Identification of differentially expressed MAGs in BC
The mRNA expression data of TCGA BC patients were subjected to identify differentially expressed MAGs. We identified 168 differentially expressed MAGs (68 downregulated and 100 upregulated) between 414 BC tissues and 19 normal tissues. To investigate the differences in the protein levels of these 168 MAGs between BC and normal samples, we collected samples from 10 patients in the Affiliated Hospital of Qingdao University. These samples were processed and analyzed using LC-MS/MS following the process outlined in Additional file 1. The result showed that the protein levels of 23 MAGs were differentially expressed in BC among these 168 MAGs. Boxplots were used to screen the mRNA and protein levels 23 MAGs in BC (Fig. 1a, b). The detailed information of the protein expression of 23 MAGs in our samples was shown in Additional file 2. In addition, a PPI network of 23 MAGs was retrieved from the STRING database and their correlations were further screened in Cytoscape. As a result, we found AKR1B1 was a hub gene in the interaction network by MCODE analysis in Cytoscape (Fig. 1c). To identify the potential mechanisms of these 23 differentially expressed MAGs in BC, we performed GO and KEGG analyses. We found that the most significant GO enriched terms involved in metabolism were amino acid metabolic process, antibiotic metabolic process, organic hydroxy compound catabolic process, alcohol metabolic process, and glycogen catabolic process (BP, biological process); myelin sheath and mitochondrial matrix (CC, cellular component); and lyase activity, oxidoreductase activity cofactor binding, coenzyme binding electron transfer activity, and NAD binding (MF, molecular function) (Fig. 2a). In the KEGG enrichment analysis, these MAGs were primarily correlated with pathways related to arginine and proline metabolism, lysine degradation, glycerolipid metabolism, histidine metabolism, pyruvate metabolism, tryptophan metabolism, ether lipid metabolism, and glycolysis (Fig. 2b).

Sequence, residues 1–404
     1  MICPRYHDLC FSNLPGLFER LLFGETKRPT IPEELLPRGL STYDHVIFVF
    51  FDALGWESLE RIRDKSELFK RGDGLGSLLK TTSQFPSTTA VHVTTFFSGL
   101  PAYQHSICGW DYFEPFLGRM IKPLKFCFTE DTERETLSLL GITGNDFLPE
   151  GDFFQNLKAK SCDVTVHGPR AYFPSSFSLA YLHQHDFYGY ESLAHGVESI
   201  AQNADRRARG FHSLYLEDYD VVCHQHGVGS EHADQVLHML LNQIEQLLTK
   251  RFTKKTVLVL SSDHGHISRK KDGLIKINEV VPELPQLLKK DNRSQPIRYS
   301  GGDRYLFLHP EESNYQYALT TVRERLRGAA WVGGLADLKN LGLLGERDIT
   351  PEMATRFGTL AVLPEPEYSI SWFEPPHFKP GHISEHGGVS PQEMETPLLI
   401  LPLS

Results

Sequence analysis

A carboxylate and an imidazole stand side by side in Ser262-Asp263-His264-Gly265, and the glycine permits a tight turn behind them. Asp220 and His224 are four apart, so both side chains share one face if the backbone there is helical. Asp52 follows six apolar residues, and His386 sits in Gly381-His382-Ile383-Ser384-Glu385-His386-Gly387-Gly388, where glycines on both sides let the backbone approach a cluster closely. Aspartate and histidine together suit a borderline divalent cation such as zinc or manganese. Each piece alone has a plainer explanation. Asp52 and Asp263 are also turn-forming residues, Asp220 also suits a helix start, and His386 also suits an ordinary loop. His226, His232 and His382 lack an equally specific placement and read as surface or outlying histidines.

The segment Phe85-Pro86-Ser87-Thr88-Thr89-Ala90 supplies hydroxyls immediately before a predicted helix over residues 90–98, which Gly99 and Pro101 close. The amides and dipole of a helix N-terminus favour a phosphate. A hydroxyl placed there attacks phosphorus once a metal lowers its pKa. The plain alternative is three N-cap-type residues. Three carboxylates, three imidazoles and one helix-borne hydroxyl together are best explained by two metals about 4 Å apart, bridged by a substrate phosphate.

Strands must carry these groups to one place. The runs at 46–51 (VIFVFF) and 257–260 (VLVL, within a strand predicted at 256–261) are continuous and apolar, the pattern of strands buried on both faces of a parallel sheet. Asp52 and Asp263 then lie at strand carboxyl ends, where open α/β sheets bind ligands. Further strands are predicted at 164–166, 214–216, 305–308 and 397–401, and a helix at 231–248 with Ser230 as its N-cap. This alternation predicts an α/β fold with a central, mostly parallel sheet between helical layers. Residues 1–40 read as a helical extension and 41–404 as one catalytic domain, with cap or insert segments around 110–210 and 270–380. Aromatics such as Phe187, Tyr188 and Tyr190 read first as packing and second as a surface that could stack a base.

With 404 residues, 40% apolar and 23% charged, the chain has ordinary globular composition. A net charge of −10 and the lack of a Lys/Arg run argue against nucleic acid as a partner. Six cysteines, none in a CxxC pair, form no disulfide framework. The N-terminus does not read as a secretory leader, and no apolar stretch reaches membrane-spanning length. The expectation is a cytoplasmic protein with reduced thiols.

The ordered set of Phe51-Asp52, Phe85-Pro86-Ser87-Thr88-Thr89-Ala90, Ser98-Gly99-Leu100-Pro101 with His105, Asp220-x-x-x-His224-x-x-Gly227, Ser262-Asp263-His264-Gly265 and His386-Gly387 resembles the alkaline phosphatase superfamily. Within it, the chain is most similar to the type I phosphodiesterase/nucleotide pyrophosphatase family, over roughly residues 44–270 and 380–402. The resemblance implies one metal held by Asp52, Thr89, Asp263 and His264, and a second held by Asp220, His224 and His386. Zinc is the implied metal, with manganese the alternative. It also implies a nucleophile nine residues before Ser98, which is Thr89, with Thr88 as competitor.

Identification of prognosis-related MAGs and construction of a MAGs based prognostic signature
By performing univariate Cox regression analysis on 23 MAGs, a total of 5 MAGs were identified to have significant prognostic value in BC (P<0.05) (Fig. 3a). Five MAGs were considered as risk factors with HR values greater than 1. Subsequently, we utilized multivariate Cox regression analysis to construct a prognostic signature, which contained five MAGs, including PLOD1 (procollagen-lysine,2-oxoglutarate 5-dioxygenase 1), CKB (creatine kinase B), PYGB (glycogen phosphorylase B), AKR1B1 (aldo-keto reductase family 1 member B), and PDE5A (phosphodiesterase 5A) (Table 2). We further calculated the prognostic risk score for each BC patient as follows: risk score = (0.0049 × expression level of PLOD1) + (0.0018 × expression level of CKB) + (0.0033× expression level of PYGB) + (0.0031× expression level of AKR1B1) + (0.0486 × expression level of PDE5A). Four hundred and three BC patients were subdivided into high-risk and low-risk groups according to the median value of risk score. K-M survival curve analysis showed that the MAGs based signature was closely associated with poor overall survival (OS) (P = 5.562e-05), disease-specific survival (DSS) (P = 4.896e-03), and progression-free interval (PFI) (P = 2.915e-02) in BC (Fig. 3b-d). However, the signature risk score was not correlated with the disease-free interval (DFI) (P = 7.724e-01) of BC patients (Fig. 3e). ROC curve analysis was used to further measure the predictive performance of the MAGs based signature risk score. The area under the curves (AUCs) for the MAGs signature, age, gender, grade, stage, T, M, N were 0.766, 0.549, 0.436, 0.553, 0.648, 0.623, 0.522, and 0.638, which indicated superior predictive accuracy of the MAGs signature risk score in survival outcomes (Fig. 3f). We further used univariate and multivariate Cox regression analyses to assess the prognostic values of the MAGs based signature and clinical features. Univariate Cox regression analysis showed that age, stage, T (tumor), N (node), and risk score were related to the survival of BC patients (Fig. 3g). Subsequently, multivariate Cox regression analysis indicated that the MAGs based signature was an independent prognostic factor for BC (P < 0.001, Fig. 3h).